It is always a pleasure to serve under your chairmanship, Sir Henry. Once again, we are here to discuss a statutory instrument that makes provision for a regulatory framework after Brexit in the event that we crash out without a deal. On each occasion, I and my Front-Bench colleagues have spelled out our objections to the Government’s approach to using secondary legislation to enable the process.
An issue raised repeatedly by Opposition Members is the impact of a no-deal exit on our ports system. I thank the Minister for his introductory explanation of the SI. My understanding is that, in the event of a no-deal Brexit, goods coming into the UK from the EU, Norway and Switzerland would be able to enter without having to submit safety and security information for a period of six months. I assume that the measure is designed to prevent gridlock at the ports, but the Opposition are troubled by the potential chaos that could occur if we do not get some resolution by the end of this week.
Paragraph 3.4 of the explanatory memorandum to the SI effectively admits that ports, hauliers and ferry operators are not ready. There has been unbelievably poor planning by the Government and it is something we have warned about since the passage of the customs Bill a year ago. The explanatory memorandum explicitly states:
“There is a strong possibility that businesses, such as hauliers and ferry operators, will suffer immediate hardship if the UK leaves the EU without a negotiated deal. They do not have the systems in place in readiness for exit day.”
How have the Minister and the Government allowed that to happen? How is it that restitution of a temporary way forward is being proposed only four days away from our proposed exit date?
The Opposition are concerned about how the exemption could increase the level of smuggled goods and undermine security, particularly at a time when threats to national security are rising. What safeguards do the Government propose to protect against both those risks? Furthermore, what are the implications for the collection of taxation if we are to forgo collecting taxes at the border simply because we do not have the capacity to do so? That is the Government’s stated approach, and the Financial Secretary to the Treasury himself gave evidence to the Treasury Committee last summer, admitting that keeping the ports open would take priority over collecting tax. But how long is such chaos expected to be justified? What assessment has the Treasury made of the potential loss to taxation?
Her Majesty’s Revenue and Customs is already struggling against the weight of the cuts already sustained and the new burdens placed upon it as we leave the EU. We seem to be contemplating potential chaos at our borders. As the Opposition have previously warned, it will be worsened by the serious issues concerning the roll-out of the customs declaration service. The Office for Budget Responsibility stated in its economic and fiscal outlook, published at the spring statement, that the Government’s new customs declaration service has processed just 500 declarations from four traders in seven months, since its launch last August. Yet it was built to handle 300 million import and export declarations. That is extremely worrying. One way to prevent the short-term chaos that we seem to be talking about is to consider staying in a customs union with the EU, as Labour has consistently argued.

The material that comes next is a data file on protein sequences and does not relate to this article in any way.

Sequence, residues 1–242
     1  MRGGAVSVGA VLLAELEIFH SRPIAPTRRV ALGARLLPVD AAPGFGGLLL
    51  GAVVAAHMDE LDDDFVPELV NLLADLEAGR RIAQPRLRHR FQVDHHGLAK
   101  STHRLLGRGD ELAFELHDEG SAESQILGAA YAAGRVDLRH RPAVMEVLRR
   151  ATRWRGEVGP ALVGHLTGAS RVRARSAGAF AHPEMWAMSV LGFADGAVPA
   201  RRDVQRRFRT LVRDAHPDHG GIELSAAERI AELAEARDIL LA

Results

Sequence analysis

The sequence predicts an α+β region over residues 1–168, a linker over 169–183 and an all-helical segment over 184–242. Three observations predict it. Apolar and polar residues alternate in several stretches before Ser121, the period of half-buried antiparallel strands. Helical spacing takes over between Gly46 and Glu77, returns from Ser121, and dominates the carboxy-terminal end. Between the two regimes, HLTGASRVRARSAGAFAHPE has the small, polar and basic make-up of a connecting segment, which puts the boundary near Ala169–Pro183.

I also want to ask the Minister what checks and balances will be placed on the powers. What is to stop us reaching the end of the six-month period and simply extending the process once again by statutory instrument? We would therefore effectively be in a de facto customs union, but without the wider scrutiny of Parliament and the wider benefits that such an active decision would bring. A sunset clause on the extension of the powers would have been an important component in preventing that.
To conclude, this seems an extraordinary statutory instrument to be discussing this week. I have huge concerns about whether this is the right way forward, and I very much want to hear the Minister’s further justification of these measures.
I have sat on numerous Delegated Legislation Committees—I am sure that most of us have—but most of them tend to be a nod through and we understand why. However, I have real concerns about this SI. The chaos of the plans will reflect across the economies of these islands. It demonstrates why a no-deal Brexit should be ruled out. I consoled myself that we are trying to cover all potential outcomes, which is a responsible thing to do, requiring a belt-and-braces, “ball of string in your pocket” attitude. However, after further scrutiny, I see that the legislation applies to England, Wales and Scotland, and it will sort out Ireland in a few weeks.
The Government have already admitted that border operations will be less than optimal on day one in any no-deal scenario. Even in six months’ time, when the border issue has been magically solved, it will take years to hire, train and equip the necessary personnel to enforce the customs and excise regulations, collect taxes and tariffs, enforce immigration legislation and provide veterinary checks. HMRC will need systems to track goods, and Border Force will need space and facilities to examine people and goods physically, but we cannot start building that infrastructure because ports and airports need certainty about the future arrangements before they can invest in the bricks and mortar.
This legislation delineates Northern Ireland’s regulatory regime from the rest of the United Kingdom—exactly the opposite of what the Prime Minister has promised her allies in the Democratic Unionist party. The explanatory memorandum notes that:
“Further details on the arrangements for trade between Northern Ireland and Ireland will be published as soon as possible.”